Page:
Joint stock company (Finland)
The Osakeyhtiö (short: Oy) ( Swedish aktiebolag ) is the joint stock company by Finnish law. It is the only economically relevant form of corporation in Finland . There is no separate, smaller legal form like the German limited liability company . Large listed companies as well as small and medium-sized enterprises operate in the form of joint-stock companies in Finland.
The first joint stock company in what is now Finland, called Hertonäs Fajansfabrik Bolag , was founded in 1762 . At that time Finland was part of the Swedish Empire. There was not yet a legal basis for public limited companies. Therefore, the first stock corporations lacked an element characteristic of modern stock corporations, the limitation of the shareholders' liability to the share capital.
A legal basis for limited liability companies was not created in Finland until 1864 , when the imperial ordinance on anonymous joint-stock cooperatives ( keisarillinen asetus nimettömistä eli osakeyhdyskunnista ) came into force in Finland, which now belongs to Russia as a Grand Duchy . According to this law, public limited companies required a state license . The shareholders, on the other hand, were free to determine their internal constitution.
The concession principle was abandoned in 1895 with the first Finnish Stock Corporation Act ( osakeyhtiölaki ). In contrast, the company's statutes were placed under state control, although the freedom of design remained substantial.
The stock corporation law of 1895 was replaced in 1978 by a new stock corporation law created in cooperation with the Nordic countries. This in turn was largely renewed in 1997 following Finland's accession to the European Union . In September 2006, a completely revised Stock Corporation Act came into force, the aim of which was to expand the structuring options in stock corporations, in particular through individual statutes.
Forms of Finnish joint-stock company
Finnish law distinguishes between “private” and “public” joint-stock companies, depending on whether the company's shares are publicly tradable or not. The public stock corporations are u. a. Subject to stricter reporting rules than private ones. The private joint-stock companies are identified by the abbreviation Oy or Swedish Ab and the public joint-stock companies ( julkinen osakeyhtiö or publikt aktiebolag ) by the abbreviation Oyj or Abp .
The private joint-stock company is the most widespread form of the corporation in Finland and has the same function as the GmbH in Germany as a corporate form for the economy. The minimum capital is € 2,500 for a private stock corporation and € 80,000 for a public stock corporation.
In the special form of the apartment owner company ( asunto-osakeyhtiö , literally "housing stock corporation"), the stock corporation is also used to hold and manage multi-party residential buildings. In this form of ownership, which corresponds to German apartment ownership , the various shares in the company entitle the holder to use certain apartments.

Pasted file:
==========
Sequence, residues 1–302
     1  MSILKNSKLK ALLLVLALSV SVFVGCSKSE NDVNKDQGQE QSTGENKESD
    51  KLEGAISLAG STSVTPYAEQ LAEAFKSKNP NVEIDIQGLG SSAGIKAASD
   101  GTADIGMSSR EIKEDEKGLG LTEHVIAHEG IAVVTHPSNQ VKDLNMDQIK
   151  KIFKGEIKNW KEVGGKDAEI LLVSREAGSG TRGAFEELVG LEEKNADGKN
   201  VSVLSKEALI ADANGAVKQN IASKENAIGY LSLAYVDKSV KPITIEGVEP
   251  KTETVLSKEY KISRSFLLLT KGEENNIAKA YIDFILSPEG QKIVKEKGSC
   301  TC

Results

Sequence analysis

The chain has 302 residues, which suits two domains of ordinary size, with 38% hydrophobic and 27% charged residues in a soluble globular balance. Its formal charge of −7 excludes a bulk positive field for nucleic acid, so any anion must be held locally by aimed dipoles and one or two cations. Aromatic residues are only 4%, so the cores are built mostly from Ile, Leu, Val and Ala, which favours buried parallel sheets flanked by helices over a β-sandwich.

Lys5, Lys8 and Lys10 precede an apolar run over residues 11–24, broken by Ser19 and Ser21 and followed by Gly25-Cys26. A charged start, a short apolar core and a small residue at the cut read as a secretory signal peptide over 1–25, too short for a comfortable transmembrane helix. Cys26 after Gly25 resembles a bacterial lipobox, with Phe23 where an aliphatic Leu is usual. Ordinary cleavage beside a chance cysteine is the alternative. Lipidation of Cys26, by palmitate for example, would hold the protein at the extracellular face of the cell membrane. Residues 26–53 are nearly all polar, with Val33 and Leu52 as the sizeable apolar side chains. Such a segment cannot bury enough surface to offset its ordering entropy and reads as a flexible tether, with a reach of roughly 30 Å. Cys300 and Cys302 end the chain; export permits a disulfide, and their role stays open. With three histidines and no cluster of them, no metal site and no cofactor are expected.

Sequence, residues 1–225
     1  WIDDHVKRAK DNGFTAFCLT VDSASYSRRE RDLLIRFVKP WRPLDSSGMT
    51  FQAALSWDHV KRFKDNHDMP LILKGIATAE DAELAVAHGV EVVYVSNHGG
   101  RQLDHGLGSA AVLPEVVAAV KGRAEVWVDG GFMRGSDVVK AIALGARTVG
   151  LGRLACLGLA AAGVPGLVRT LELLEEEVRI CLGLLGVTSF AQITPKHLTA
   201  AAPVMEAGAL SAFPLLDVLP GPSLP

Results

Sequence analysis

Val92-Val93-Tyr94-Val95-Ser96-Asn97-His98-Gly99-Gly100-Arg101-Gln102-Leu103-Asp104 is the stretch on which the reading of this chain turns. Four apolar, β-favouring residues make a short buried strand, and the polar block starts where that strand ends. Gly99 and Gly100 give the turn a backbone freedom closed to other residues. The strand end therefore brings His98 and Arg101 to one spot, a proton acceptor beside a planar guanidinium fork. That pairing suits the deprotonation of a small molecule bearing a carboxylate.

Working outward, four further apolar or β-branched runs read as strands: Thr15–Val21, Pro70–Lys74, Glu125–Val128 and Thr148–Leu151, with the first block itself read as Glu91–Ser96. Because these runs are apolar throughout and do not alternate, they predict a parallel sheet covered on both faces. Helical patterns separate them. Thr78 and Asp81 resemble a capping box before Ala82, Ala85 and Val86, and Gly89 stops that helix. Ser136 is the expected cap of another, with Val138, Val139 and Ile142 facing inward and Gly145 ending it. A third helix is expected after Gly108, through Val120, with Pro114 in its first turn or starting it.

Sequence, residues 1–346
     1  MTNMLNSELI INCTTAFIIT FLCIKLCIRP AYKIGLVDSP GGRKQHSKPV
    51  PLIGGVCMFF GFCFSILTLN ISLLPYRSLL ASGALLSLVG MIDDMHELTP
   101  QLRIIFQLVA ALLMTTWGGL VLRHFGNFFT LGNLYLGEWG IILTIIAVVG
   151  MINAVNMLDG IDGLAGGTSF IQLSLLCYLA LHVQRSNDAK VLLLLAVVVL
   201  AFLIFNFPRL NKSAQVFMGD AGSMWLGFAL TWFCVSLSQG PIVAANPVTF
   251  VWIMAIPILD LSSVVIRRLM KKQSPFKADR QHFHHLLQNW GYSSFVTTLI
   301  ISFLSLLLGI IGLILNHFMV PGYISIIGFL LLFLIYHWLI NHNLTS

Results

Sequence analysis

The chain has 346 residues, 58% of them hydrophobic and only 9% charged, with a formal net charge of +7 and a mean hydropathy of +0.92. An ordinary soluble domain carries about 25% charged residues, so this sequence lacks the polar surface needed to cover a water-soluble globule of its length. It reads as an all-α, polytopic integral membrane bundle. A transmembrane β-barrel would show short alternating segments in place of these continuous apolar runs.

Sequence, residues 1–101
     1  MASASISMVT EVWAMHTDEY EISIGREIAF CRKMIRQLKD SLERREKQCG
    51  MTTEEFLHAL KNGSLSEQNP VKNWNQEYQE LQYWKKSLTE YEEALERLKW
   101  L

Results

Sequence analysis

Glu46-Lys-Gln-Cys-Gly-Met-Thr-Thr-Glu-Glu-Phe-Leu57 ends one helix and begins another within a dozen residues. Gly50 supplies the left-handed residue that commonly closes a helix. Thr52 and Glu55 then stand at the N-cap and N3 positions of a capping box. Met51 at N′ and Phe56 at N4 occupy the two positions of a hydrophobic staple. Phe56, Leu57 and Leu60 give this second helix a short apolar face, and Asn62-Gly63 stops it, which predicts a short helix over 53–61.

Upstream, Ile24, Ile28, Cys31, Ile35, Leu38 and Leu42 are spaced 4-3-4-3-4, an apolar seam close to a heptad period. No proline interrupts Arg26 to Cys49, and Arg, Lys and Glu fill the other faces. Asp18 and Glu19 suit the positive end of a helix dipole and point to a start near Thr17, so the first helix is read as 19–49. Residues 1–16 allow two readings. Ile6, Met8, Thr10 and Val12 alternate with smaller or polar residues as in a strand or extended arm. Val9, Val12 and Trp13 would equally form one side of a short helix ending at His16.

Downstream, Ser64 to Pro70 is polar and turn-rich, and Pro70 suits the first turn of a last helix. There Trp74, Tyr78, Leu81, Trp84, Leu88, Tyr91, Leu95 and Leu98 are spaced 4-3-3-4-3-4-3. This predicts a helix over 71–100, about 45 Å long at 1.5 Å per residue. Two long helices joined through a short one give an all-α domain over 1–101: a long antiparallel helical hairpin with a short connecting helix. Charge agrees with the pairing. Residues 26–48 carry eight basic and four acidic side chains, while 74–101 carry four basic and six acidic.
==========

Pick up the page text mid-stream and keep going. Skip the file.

The central management body of the company is the board of directors ( hallitus ). One to five members are to be elected to the board of directors, unless the statutes specify a different number. If fewer than three members are elected, a substitute member must also be appointed. At least one member of the board of directors must be resident in the European Economic Area .
Optionally, the company can also have a managing director, who is appointed by the board of directors. If a managing director has been appointed, he is responsible for handling current affairs and his power of representation is limited to current business, unless otherwise stipulated in the articles of association.
The highest body of the stock corporation is the shareholders' meeting. The shareholders' meeting is to be held within six months after the end of the financial year. The assembly decides on the annual financial statements, the granting of relief for members of the management and the board of directors as well as the treatment of the profit or loss, e.g. B. Distribution of Dividends. Changes to the articles of association are generally made by the shareholders' meeting with a two-thirds majority.
- The company's articles of association can stipulate that a supervisory board ( hallintoneuvosto ) is to be elected to which certain tasks belonging to the area of responsibility of the management board, but not the representation of the company, are assigned.
- If none of the board members and also not the managing director is resident in Finland, a representative resident in Finland must be appointed.
- Public companies must appoint an auditor. This may not belong to the board of directors or the management of the company or be an employee of the company. The statutes can also provide for several auditors.
- Juhani Kyläkallio, Olli Iirola, Kalle Kyläkallio: Osakeyhtiö . 6th edition. tape 1 . Edita Publishing, Helsinki 2012, ISBN 978-951-37-6140-0 (Volume 2 ISBN 978-951-37-6143-1 ).